Twenty-two years ago, many thousands of Iraqi Kurds fled to the mountains to escape the wrath of Saddam Hussein. Some of the stories of survival take your breath away. One father and his two daughters climbed a high mountain where their dilemma was simple: stay and freeze or return and die. The only way out was down the other side, not a sheer drop but a long fall, and escape into Iran.
The father tied himself to his daughters – they jumped and survived.
Others hadn’t been so lucky. One dead woman at the bottom of the mountain was still standing and the father had to tell his young daughter that the lady would catch them up later.
The plight of the Kurds found a warm public reaction here. The MP I worked for at the time was asked for help by a British woman collecting blankets and food. Many others did similar things. We were able to persuade the Iranians to send a 747 to collect the material.
The public outrage led to prime minister John Major taking the lead in establishing a no-fly zone over the safe haven of Iraqi Kurdistan. It was a triumph for humanitarian intervention which was not, as it happened, sanctioned by the UN. It saved the Kurds.
After Saddam was overthrown, Iraqi Kurdistan became a recognised and largely autonomous region of Iraq. It has always been resource rich but its oil, gas and minerals were completely neglected by Saddam who conducted genocide against the Kurds. It was only from 2007 that the Kurdistan region managed to create an energy sector from scratch.
It is now the oil exploration capital of the world. Its huge wealth could fund massive economic growth which has long been running at about 10 per cent a year. Its plentiful oil and gas reserves are the basis of a new economic and political partnership with an old foe, Turkey, which needs secure supplies from its neighbour.
The speed of the rapprochement between the Iraqi Kurds and Turkey has been astonishing and has allowed Kurdish leaders to help facilitate the peace process between Turkey and the PKK. Their war has exacted a huge toll in Turkey over the last 30 years – up to 40,000 killed on both sides and a cost of many billions of dollars. Peace could substantially improve the position of the Kurds in Turkey.
Some are now asking the wrong question of this Kurdish renaissance.
They wonder whether a new country encompassing the Kurds of Turkey, Iran, Iraq and Syria is possible.
It may be desirable but it is probably not feasible to think that Iran and Turkey would contemplate their own dismemberment without bloodshed. Kurdish leaders in Turkey, Iran and Syria all say that they seek autonomy, cultural rights or something similar to the autonomy of Iraqi Kurdistan.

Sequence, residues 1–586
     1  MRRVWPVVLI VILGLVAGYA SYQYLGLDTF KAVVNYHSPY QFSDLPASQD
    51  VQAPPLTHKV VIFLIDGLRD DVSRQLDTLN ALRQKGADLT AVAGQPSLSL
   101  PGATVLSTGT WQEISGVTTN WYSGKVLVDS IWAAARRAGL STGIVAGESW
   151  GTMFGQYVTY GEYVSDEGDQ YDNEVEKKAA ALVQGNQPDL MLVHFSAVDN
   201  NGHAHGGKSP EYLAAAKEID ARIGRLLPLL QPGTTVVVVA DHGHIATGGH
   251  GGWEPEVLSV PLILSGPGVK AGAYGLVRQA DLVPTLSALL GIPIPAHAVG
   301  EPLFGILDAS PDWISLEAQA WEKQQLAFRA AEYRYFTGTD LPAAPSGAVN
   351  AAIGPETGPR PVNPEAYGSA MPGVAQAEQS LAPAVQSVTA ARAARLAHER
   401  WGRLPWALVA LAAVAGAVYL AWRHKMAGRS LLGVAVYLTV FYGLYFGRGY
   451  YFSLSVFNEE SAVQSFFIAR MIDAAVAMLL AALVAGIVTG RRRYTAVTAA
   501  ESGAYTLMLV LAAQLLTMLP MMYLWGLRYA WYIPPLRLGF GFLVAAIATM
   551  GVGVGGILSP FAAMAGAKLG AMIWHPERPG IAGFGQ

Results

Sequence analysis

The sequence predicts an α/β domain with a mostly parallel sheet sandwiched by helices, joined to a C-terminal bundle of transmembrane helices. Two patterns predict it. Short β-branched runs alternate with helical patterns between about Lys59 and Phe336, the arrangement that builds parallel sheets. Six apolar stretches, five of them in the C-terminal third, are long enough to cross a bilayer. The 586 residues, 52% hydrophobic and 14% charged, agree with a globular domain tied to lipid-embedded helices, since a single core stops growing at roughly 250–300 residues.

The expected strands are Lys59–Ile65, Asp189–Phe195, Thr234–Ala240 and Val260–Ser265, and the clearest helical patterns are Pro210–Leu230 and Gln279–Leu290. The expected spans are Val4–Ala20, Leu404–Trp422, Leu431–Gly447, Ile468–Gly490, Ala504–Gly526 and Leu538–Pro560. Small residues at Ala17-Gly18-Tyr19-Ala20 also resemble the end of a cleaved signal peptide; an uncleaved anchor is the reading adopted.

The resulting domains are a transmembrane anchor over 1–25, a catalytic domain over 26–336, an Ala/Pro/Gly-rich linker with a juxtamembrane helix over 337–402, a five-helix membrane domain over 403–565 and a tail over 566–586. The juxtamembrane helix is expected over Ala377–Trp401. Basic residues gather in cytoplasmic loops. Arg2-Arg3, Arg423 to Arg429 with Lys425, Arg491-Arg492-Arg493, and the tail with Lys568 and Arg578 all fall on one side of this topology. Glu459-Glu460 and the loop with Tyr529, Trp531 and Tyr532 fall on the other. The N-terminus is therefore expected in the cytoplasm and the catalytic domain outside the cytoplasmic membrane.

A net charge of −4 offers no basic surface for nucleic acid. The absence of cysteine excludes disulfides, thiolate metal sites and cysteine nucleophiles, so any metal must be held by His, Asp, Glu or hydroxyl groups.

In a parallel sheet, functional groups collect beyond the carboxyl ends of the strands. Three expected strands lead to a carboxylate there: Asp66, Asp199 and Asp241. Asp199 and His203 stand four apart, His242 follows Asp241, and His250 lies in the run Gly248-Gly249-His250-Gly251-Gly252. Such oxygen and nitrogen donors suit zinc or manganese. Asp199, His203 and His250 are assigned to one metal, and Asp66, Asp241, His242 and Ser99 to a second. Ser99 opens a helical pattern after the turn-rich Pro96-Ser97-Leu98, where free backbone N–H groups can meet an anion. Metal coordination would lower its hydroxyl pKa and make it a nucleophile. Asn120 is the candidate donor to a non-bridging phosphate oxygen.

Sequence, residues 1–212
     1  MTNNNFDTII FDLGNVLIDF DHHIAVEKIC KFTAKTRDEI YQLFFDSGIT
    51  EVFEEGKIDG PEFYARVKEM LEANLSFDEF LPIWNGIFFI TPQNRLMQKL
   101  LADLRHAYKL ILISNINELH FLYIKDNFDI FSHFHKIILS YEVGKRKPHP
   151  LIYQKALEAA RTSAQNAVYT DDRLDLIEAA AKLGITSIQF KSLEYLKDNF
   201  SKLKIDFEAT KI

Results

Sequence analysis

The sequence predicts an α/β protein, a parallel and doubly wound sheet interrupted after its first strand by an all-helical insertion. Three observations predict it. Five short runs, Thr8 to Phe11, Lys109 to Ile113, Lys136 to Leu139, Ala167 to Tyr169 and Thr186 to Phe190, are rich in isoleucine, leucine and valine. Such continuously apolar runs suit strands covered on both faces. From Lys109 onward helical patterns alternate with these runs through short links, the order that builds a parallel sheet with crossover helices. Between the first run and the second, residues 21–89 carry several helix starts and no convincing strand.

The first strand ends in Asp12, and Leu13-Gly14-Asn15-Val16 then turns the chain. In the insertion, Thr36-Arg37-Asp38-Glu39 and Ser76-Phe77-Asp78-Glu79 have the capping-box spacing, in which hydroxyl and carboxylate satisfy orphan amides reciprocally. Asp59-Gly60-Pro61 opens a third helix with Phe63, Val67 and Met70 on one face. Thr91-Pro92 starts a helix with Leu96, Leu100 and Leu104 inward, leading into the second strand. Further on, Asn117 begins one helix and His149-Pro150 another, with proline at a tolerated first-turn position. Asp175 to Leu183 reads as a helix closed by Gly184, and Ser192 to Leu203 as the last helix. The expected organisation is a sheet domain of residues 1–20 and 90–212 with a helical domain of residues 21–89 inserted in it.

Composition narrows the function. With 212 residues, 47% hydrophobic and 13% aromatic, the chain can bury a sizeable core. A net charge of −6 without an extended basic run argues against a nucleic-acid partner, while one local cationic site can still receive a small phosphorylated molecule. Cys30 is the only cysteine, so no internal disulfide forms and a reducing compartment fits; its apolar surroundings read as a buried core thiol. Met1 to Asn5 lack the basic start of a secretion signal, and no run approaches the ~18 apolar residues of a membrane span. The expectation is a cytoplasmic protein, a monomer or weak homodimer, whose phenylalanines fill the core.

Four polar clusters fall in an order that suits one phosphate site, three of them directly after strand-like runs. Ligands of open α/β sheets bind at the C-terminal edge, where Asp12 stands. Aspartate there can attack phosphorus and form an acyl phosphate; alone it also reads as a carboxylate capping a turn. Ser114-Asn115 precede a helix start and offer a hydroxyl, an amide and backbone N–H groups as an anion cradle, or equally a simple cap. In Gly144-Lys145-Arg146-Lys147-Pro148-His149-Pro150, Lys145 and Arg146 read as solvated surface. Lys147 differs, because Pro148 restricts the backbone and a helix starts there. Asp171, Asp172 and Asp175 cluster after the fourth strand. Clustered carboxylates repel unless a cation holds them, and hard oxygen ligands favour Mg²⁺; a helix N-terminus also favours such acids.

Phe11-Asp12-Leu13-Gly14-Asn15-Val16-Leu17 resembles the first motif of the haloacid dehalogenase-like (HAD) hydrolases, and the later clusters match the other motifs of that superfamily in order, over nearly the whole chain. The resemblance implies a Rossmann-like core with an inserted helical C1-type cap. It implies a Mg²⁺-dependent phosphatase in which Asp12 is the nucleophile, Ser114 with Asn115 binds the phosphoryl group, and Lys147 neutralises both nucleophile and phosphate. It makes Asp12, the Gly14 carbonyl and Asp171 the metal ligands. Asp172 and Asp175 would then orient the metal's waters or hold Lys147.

The borders will probably stay, although not if Syria splits. And it is not impossible to envisage that Iraqi Kurdistan could achieve independence from Baghdad, which may not have the means or the will to resist.
Having discussed this with Kurdish leaders, I don’t detect an active plan to seek independence. In my opinion, independence would only be possible with the support of Turkey and the US, given that Iraqi Kurdistan is landlocked. My best guess is that they will settle for a functioning federalism and economic independence so that they are no longer held back by bureaucrats in Baghdad.
However, a virtual Greater Kurdistan is on the cards, thanks to the internet and satellite television and despite different dialects and differences based on a century of varied experiences in four countries.
Next month, several hundred Kurdish leaders from 40 parties in all four countries will assemble in Erbil, the capital of Iraqi Kurdistan, for a historic Kurdish national conference.
It aims to advance political, economic and cultural visions for Kurds in those countries, including the pressing position of the Syrian Kurds, whose large numbers have recently been swollen by a river of refugees to the safe haven of Iraqi Kurdistan.
History is repeating itself. This time, the Kurds have much more power to change things for themselves but these are still limited. This time, few people in the UK know or are moved by what is happening to the Kurds, and indeed others, in Syria. A united Kurdish voice can help change that but the international community should not leave the Kurds, and all Syrians, high and dry this time.
Gary Kent is director of the all-party parliamentary group on the Kurdistan region in Iraq and writes in a personal capacity. He tweets @GaryKent
The Barzani school project is raising funds to build cabins in association with the Phoenix Resource Centre, a British environmental charity. Funds can be sent to the Syrian Refugees Account: sort code 55-70-37; account number 811 978 53.
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